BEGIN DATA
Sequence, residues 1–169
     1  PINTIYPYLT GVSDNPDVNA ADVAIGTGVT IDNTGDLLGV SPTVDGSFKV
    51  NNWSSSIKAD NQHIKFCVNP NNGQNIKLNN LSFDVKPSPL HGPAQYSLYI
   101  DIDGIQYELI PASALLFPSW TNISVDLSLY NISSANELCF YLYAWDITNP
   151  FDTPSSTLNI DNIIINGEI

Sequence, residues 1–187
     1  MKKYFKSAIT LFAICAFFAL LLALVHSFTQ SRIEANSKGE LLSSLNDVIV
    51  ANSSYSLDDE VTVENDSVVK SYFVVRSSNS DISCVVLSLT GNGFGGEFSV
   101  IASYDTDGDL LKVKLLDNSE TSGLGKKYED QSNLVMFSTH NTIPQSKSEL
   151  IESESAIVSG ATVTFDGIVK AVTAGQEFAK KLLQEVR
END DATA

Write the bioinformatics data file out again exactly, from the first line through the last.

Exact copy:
Sequence, residues 1–169
     1  PINTIYPYLT GVSDNPDVNA ADVAIGTGVT IDNTGDLLGV SPTVDGSFKV
    51  NNWSSSIKAD NQHIKFCVNP NNGQNIKLNN LSFDVKPSPL HGPAQYSLYI
   101  DIDGIQYELI PASALLFPSW TNISVDLSLY NISSANELCF YLYAWDITNP
   151  FDTPSSTLNI DNIIINGEI

Sequence, residues 1–187
     1  MKKYFKSAIT LFAICAFFAL LLALVHSFTQ SRIEANSKGE LLSSLNDVIV
    51  ANSSYSLDDE VTVENDSVVK SYFVVRSSNS DISCVVLSLT GNGFGGEFSV
   101  IASYDTDGDL LKVKLLDNSE TSGLGKKYED QSNLVMFSTH NTIPQSKSEL
   151  IESESAIVSG ATVTFDGIVK AVTAGQEFAK KLLQEVR